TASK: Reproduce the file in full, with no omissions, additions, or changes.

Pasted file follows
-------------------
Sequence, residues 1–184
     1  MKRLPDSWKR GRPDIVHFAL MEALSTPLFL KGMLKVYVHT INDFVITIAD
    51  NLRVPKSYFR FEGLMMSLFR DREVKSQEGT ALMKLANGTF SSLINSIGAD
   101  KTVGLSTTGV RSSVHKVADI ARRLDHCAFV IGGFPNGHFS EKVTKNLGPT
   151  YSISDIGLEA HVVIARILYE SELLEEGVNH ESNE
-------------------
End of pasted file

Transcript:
Sequence, residues 1–184
     1  MKRLPDSWKR GRPDIVHFAL MEALSTPLFL KGMLKVYVHT INDFVITIAD
    51  NLRVPKSYFR FEGLMMSLFR DREVKSQEGT ALMKLANGTF SSLINSIGAD
   101  KTVGLSTTGV RSSVHKVADI ARRLDHCAFV IGGFPNGHFS EKVTKNLGPT
   151  YSISDIGLEA HVVIARILYE SELLEEGVNH ESNE